In February of 2010 I submitted a post regarding the (then) present disposition of a play I had written years before, but until then had never released. The play is titled MORGAN and to this day remains a passion in my life.
It’s funny how some things come into being. My young daughter and I had been watching one of the many dreary King Arthur movies on television, when she turned to me and asked, “Morgan le Fay? Who is HE?”
I answered as best I could, but in the back of my mind I was already envisioning a play that would justify that question.
Before I put a single word on paper, I spent three years reading every novel, history, and commentary I could find regarding the literary Arthur Pendragon and his estranged half-sister, Morgan. (There’s reasonable evidence to suggest that an “Arthur” actually lived, and that he was so far removed from the legend as to be almost unrecognizable.)
I made a couple of interesting discoveries.
The first – a somewhat humbling realization. In 6th century England there were both crude and sophisticated civilizations, religions, and codes of conduct. Intelligent thought was in evidence. My country has yet to HAVE a 6th century. During the time of Arthur, where I live was swamp lands – Indians hadn’t even reached here.
The other discovery was more to the point. Throughout most of the narratives, there is a recurrent theme along these lines; Morgan was evil, a schemer, a witch, jealous of her half-brother, and constantly plotting his downfall for never fully explained reasons. Eventually Arthur “wins,” but only after prolonged struggle and cost (including his life.)
I soon realized the problem started with Arthur. He was ultimately the winner, and history is almost always written by the last group standing. The truth, as I discovered, is that Morgan was the victim in every sense of the word. As a child she witnessed her lands taken away, her father killed, and her mother raped. To put it in modern terms, Morgan witnessed a terrorist attack.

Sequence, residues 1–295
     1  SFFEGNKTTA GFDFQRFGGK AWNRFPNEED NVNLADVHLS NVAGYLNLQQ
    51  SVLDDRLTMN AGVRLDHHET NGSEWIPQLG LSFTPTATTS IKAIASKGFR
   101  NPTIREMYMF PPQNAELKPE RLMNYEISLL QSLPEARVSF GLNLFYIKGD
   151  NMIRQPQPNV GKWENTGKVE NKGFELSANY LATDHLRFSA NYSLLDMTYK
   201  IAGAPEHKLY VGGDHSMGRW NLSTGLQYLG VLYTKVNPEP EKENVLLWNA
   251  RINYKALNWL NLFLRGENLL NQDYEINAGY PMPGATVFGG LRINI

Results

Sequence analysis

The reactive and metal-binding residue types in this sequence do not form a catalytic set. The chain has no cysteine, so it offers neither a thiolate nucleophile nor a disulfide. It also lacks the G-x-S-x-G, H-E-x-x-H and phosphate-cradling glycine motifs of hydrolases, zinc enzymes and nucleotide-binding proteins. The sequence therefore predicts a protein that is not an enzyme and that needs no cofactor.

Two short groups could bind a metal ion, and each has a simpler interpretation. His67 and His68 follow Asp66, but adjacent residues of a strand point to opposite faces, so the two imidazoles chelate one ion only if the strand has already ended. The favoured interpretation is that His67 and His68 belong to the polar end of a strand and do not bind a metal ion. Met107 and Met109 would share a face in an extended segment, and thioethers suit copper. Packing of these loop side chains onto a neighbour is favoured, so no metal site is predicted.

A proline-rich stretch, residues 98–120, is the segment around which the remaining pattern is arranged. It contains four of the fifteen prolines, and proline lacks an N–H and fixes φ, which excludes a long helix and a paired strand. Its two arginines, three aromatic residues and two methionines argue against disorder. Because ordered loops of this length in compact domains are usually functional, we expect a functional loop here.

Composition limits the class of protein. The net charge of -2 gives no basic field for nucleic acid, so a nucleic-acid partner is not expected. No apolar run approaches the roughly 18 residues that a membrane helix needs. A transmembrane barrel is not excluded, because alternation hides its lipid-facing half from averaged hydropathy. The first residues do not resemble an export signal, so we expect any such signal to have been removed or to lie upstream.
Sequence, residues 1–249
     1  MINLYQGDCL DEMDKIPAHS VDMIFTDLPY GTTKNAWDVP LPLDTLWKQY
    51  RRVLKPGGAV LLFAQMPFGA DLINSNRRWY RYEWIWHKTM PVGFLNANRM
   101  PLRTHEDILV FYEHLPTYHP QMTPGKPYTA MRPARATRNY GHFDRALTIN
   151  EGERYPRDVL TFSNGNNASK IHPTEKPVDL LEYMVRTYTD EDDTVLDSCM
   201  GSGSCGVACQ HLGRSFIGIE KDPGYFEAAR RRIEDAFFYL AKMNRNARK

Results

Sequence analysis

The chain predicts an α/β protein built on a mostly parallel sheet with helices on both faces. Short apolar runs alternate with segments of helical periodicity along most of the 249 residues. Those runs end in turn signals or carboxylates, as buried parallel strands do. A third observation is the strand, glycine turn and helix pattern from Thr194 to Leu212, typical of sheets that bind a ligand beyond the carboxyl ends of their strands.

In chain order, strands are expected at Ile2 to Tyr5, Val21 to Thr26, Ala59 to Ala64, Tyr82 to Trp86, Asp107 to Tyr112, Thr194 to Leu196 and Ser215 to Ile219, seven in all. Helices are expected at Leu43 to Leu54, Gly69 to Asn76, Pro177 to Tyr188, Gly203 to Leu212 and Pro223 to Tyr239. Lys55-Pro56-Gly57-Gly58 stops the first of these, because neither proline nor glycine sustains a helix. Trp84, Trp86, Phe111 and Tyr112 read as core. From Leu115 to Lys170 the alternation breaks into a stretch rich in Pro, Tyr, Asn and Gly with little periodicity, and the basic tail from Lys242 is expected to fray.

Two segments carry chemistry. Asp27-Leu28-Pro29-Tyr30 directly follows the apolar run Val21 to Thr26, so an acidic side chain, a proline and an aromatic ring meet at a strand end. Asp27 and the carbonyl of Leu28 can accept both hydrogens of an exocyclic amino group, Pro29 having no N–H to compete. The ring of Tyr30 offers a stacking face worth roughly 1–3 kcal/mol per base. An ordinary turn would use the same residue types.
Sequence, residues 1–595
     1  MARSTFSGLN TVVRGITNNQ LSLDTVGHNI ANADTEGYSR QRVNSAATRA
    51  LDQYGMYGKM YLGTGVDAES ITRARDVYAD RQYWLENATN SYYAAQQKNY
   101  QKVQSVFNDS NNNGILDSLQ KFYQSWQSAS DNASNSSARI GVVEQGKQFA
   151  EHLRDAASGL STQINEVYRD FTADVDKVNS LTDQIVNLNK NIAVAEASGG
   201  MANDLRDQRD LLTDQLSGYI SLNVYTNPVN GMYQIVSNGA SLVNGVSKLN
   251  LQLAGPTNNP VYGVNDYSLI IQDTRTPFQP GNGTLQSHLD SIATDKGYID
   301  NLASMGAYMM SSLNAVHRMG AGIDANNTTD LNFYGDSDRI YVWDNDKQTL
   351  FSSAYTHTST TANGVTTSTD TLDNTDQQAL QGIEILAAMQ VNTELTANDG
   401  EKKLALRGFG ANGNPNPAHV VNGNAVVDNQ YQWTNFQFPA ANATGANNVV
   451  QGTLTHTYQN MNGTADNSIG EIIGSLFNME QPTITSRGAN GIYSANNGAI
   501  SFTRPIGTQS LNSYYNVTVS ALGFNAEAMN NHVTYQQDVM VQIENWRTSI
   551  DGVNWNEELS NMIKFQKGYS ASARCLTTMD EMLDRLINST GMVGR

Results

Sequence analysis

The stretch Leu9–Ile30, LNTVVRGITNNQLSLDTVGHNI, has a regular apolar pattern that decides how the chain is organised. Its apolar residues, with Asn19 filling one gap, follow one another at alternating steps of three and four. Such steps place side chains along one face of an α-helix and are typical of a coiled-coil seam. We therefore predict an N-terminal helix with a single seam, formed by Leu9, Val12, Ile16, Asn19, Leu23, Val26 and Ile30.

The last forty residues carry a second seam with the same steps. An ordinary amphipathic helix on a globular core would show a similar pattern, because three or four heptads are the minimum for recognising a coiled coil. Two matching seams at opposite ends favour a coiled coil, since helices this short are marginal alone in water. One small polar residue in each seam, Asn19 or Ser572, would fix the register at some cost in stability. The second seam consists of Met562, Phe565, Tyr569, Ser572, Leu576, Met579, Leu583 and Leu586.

So that became Act I of my play.
Act II chronicles Morgan’s rise to power. It seems reasonable (as literature) to suggest that Druids existed at that time, that Merlin was a Druid High Priest, and that they wielded real mystical power. Morgan, being a woman, realized her only opportunity to effect justice was by embracing black arts. She became second only to Merlin, and outlasted him.
Act III follows her descent into madness and the suggestion of recovery. She became an absolute power, and “absolute power corrupts absolutely.” She became Hitler at his worst. With the death of Arthur she loses her powers and there is an implication that she could eventually regain a degree of sanity.
The play ends with an irony. Without her constant prodding, Arthur would have been nothing. If left in peace, he would have been an insignificant king of a lackluster kingdom, one in a long line of dusty footnotes. Instead of destroying him, she directly and indirectly created the legend.
Now you have the picture. It’s a large and complex work. No theatre I know is capable of producing it. (Key words here are “I know.”) About a year ago I was discussing the language in the play with a friend who produces mainly Shakespeare plays. She asked to read it, and a month later asked if I would allow the work to be considered for production by them.